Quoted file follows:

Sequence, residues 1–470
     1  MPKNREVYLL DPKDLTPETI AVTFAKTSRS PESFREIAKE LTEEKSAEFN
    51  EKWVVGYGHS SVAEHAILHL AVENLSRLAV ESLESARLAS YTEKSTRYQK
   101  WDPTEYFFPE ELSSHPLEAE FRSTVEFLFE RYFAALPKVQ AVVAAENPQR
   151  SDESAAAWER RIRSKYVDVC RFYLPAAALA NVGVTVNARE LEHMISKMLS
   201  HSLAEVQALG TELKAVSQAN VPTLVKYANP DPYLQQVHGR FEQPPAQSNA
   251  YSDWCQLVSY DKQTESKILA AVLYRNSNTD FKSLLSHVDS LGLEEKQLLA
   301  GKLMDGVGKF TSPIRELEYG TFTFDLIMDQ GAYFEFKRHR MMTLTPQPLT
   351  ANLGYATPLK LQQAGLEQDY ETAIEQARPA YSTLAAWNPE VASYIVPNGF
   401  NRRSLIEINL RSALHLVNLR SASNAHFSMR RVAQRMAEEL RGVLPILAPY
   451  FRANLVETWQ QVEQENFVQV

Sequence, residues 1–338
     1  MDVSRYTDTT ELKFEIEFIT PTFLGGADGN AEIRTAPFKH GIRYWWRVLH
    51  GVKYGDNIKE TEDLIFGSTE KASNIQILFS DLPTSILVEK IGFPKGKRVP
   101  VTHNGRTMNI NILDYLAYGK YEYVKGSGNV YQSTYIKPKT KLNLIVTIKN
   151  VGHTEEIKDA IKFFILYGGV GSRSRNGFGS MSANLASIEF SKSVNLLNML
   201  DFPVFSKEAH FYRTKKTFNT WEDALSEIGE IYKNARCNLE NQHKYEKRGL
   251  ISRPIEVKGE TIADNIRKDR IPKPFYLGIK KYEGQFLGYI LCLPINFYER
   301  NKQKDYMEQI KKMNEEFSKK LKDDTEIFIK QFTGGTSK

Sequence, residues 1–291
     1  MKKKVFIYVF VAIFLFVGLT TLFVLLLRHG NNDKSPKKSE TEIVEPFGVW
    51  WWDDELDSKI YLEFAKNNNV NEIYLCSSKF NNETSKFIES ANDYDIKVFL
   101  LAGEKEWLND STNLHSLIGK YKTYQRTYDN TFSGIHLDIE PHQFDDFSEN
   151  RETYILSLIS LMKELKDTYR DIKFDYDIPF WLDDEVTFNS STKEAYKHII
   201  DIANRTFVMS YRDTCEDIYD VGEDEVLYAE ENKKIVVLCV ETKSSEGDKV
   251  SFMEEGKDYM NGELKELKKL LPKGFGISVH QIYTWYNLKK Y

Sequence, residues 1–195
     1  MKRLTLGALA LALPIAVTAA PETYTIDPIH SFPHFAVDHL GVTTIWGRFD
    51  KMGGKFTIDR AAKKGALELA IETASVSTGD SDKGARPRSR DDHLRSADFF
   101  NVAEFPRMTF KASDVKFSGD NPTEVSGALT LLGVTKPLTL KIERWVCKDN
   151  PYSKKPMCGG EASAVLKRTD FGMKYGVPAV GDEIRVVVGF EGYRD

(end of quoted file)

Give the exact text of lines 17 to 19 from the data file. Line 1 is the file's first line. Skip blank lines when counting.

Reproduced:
   201  DFPVFSKEAH FYRTKKTFNT WEDALSEIGE IYKNARCNLE NQHKYEKRGL
   251  ISRPIEVKGE TIADNIRKDR IPKPFYLGIK KYEGQFLGYI LCLPINFYER
   301  NKQKDYMEQI KKMNEEFSKK LKDDTEIFIK QFTGGTSK